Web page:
Lady Gaga says the "debate" surrounding Dr. Christine Blasey Ford and her allegations that Judge Brett Kavanaugh sexually assaulted her in high school "is one of the most upsetting things I have ever witnessed."
The singer-turned-actress, who is a sexual assault survivor herself, explained why the public should believe Dr. Ford—and other survivors—during her appearance on The Late Show with Stephen Colbert last night.
"I'll tell you exactly why. And I also know this woman is smart because she's a psychologist. She's no dummy," Gaga said on the talk show, a week after Dr. Ford and Judge Kavanaugh testified before the Senate Judiciary Committee.
"If someone is assaulted or experiences trauma, there is science and scientific proof, it's biology, that people change. The brain changes. And literally what it does is it takes the trauma and it puts it in a box, and it files it away and shuts it so that we can survive the pain," Gaga said emphatically.
"It also does a lot of other things, it can cause body pains, baseline elevations in anxiety, it can cause complete avoidance of wanting to even remember or think about what happened to you," she continued.
"But what I believe that I have seen is that when this woman saw that Judge Kavanaugh was going to be possibly put in the highest position of power in the judicial system of this country, she was triggered. And that box opened. And when that box opened, she was brave enough to share it with the world to protect this country," Gaga concluded.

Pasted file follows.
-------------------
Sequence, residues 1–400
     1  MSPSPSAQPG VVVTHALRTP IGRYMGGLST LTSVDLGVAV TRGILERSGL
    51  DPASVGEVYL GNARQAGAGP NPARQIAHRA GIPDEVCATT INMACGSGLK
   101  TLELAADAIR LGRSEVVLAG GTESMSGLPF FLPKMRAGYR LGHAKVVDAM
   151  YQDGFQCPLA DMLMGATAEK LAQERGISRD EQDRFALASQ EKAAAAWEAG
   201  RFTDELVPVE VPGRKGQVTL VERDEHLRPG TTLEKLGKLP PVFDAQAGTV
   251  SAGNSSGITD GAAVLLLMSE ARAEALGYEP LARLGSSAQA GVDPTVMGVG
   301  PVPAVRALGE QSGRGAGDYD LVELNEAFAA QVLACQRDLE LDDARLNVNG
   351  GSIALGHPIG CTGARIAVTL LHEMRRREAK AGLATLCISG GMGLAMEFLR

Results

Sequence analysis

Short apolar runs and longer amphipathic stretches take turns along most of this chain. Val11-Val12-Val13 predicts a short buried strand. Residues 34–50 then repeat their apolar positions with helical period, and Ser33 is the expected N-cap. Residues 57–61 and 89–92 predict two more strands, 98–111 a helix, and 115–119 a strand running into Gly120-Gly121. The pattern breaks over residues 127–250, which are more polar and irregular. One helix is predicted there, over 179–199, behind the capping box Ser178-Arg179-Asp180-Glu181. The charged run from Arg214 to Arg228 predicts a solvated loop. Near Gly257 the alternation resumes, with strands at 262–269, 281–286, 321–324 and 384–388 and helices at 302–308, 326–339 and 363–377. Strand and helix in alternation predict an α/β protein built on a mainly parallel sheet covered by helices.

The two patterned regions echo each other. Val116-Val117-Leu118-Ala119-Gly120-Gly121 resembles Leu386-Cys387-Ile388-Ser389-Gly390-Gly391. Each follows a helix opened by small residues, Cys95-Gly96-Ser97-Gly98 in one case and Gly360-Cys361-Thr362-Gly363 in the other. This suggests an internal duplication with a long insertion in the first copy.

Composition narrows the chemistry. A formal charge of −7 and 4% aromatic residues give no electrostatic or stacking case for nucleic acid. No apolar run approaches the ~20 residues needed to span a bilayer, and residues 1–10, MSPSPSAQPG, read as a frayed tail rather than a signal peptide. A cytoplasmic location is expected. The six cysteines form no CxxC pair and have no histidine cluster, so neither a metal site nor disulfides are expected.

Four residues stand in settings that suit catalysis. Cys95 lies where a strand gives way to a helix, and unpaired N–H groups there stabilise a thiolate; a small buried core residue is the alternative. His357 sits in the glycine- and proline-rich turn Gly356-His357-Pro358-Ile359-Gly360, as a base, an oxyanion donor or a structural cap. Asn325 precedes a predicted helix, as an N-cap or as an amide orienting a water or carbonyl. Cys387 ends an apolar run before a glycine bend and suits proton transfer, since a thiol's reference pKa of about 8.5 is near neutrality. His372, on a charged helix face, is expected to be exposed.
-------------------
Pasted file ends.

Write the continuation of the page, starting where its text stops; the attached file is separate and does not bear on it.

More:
The superstar previously contributed the song "Til It Happens To You" to the soundtrack of The Hunting Ground, a harrowing documentary about sexual abuse on college campuses. She performed the Oscar-nominated song at the 2016 Academy Awards and featured real-life survivors in her powerful set.
It was through that emotional performance that some members of her family discovered she was a survivor. Gaga later shared on Instagram that her grandmother called her and told her, "My darling granddaughter, I've never been more proud of you than I am today."
While discussing "Til It Happens To You" at a TimesTalk in 2015, Gaga explained why she kept her assault secret for so long, and how guilty it made her feel. "I didn't tell anyone for seven years, I didn't know how to accept it. I didn't know how not to blame myself, or think it was my fault. It was something that really changed my life. It changed who I was completely. It changed my body," she said.
"There was some sort of religious guilt I felt...Because of the way I dress and that I'm provocative as a person, I thought I brought it upon myself and that it was my fault," she added, pointing out how women are often blamed for their own assault experiences.